Fissures are cracks in the skin, in combination with a thick formation of skin layers (also known as calluses) commonly found on the ball of the foot, heel, sides of the foot.
Cracks in the heels are caused by excessive pressure combined with the thick skin, and open shoe gear. A large majority of our patients get fissures when wearing rubber or leather sandals in the summer. This is caused mostly by inflammation and swelling in the skin, because of irritating materials.
Diabetes and other diseases like Lupus can increase the incidence of dry cracked skin, especially in the feet and hands.
These fissures can deepen on the outer surface of the skin or can go deeper causing bleeding or infection. Pain ranges from dull to sharp depending upon the level of irritation and compression of the nerves that are around these areas.
Certain cases of heel fissures can be treated with conservative adjustments such as wearing different shoes or topical medication, while more severe instances of heel fissures can qualify for surgical treatment.
Conservative treatment options that can reduce or eliminate pain caused by corns and calluses include the following:
Anti-inflammatory medication such as Ibuprofen or Naprosyn aspirin products, and Acetaminophen can help with the chronic pain caused by heel fissures. Anti-fungal medication, and topical cortisone can also alleviate dryness, inflammation, and soreness.
Temporary arch supports or custom molded orthotics can minimize the pressure on the spur or correct the foot position causing the pressure. These devices are a good solution for long-term treatment of heel fissures, with or without surgical intervention.
Reduction of the heel fissure, by either professional sharp debridement (shaving) or consistent filing, will give temporary relief. Use caution with over the counter callus removal medication or pads, since this medication is a type of acid that can cause an ulceration or infection if not used properly or in excess.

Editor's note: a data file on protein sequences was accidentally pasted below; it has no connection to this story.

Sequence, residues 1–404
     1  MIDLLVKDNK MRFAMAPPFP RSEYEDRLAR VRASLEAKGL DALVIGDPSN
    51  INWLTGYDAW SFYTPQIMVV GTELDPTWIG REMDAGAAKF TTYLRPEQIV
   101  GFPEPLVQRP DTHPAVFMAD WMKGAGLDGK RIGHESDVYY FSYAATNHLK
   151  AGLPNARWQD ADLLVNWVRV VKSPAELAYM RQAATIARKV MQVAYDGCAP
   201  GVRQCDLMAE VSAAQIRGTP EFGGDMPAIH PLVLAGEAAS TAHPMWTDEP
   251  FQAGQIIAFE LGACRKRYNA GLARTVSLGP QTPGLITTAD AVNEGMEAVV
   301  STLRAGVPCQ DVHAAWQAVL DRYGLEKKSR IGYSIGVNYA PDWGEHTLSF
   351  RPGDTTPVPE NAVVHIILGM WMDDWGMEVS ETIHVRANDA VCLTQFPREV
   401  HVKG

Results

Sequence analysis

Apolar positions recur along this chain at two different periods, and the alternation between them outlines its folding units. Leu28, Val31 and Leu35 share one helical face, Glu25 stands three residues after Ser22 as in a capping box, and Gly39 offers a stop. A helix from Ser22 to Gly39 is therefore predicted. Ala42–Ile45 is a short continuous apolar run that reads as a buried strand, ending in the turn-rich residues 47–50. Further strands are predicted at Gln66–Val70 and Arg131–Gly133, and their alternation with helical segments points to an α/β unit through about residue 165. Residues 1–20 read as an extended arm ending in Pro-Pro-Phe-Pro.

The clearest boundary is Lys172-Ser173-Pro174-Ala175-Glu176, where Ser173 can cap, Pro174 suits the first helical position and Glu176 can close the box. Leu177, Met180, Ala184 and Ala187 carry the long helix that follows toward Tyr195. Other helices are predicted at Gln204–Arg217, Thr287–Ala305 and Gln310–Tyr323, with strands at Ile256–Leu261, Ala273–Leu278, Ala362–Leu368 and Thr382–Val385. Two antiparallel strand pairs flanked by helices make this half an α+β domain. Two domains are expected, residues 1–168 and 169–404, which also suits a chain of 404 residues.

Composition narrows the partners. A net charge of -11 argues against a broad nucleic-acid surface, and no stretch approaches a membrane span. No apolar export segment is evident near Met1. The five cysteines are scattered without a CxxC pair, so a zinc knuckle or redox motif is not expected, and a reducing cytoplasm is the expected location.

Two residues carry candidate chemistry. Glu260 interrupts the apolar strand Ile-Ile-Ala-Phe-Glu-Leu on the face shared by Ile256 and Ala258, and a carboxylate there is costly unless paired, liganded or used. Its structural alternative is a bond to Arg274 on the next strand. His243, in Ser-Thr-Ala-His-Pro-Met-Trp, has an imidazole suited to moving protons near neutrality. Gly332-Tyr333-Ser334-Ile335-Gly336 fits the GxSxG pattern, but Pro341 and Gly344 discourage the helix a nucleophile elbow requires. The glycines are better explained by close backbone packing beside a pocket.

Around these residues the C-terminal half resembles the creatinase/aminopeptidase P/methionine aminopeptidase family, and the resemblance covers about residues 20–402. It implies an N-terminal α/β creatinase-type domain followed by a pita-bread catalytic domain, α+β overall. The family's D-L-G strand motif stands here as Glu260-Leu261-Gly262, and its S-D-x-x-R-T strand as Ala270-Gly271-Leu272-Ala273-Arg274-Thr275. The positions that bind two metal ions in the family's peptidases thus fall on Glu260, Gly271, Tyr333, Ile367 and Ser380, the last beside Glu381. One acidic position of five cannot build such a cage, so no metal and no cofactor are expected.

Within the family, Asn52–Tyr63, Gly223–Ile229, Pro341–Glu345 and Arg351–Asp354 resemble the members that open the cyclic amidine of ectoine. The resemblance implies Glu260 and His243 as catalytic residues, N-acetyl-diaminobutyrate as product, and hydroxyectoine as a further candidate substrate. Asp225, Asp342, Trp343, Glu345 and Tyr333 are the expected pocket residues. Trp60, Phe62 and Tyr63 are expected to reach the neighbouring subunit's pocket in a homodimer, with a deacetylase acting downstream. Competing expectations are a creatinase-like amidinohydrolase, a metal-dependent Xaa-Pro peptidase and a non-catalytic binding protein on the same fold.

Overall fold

The time to heal cracked heels depends on the severity. Superficial heel cracks can heal as fast as a week with removal of the dead skin and topical creams. If thicker skin or deeper cracks are involved, they can take two to four weeks to heal, even with proper medication and care.
You can heal cracked heels naturally with topical antibiotics and removing the thick dead skin. Then softening creams and lotions at night to hydrate the skin.
Yes, cracked heels can get infected. Once dirt, bacteria, or fungus is introduced to the layers beneath the epidermis, they can hide and grow in these cracks.
Podiatrists normally treat cracked heels with Urea cream with or without cortisone. If they are infected, an oral or topical antibiotic may be used as well.
Home remedies to soften feet include foot soaks, thick creams and lotions, or over the counter 1% hydrocortisone cream.
You should see a doctor for a cracked heel if there are any signs of infection which include: redness, pain, elevated temperature, drainage, and odor.
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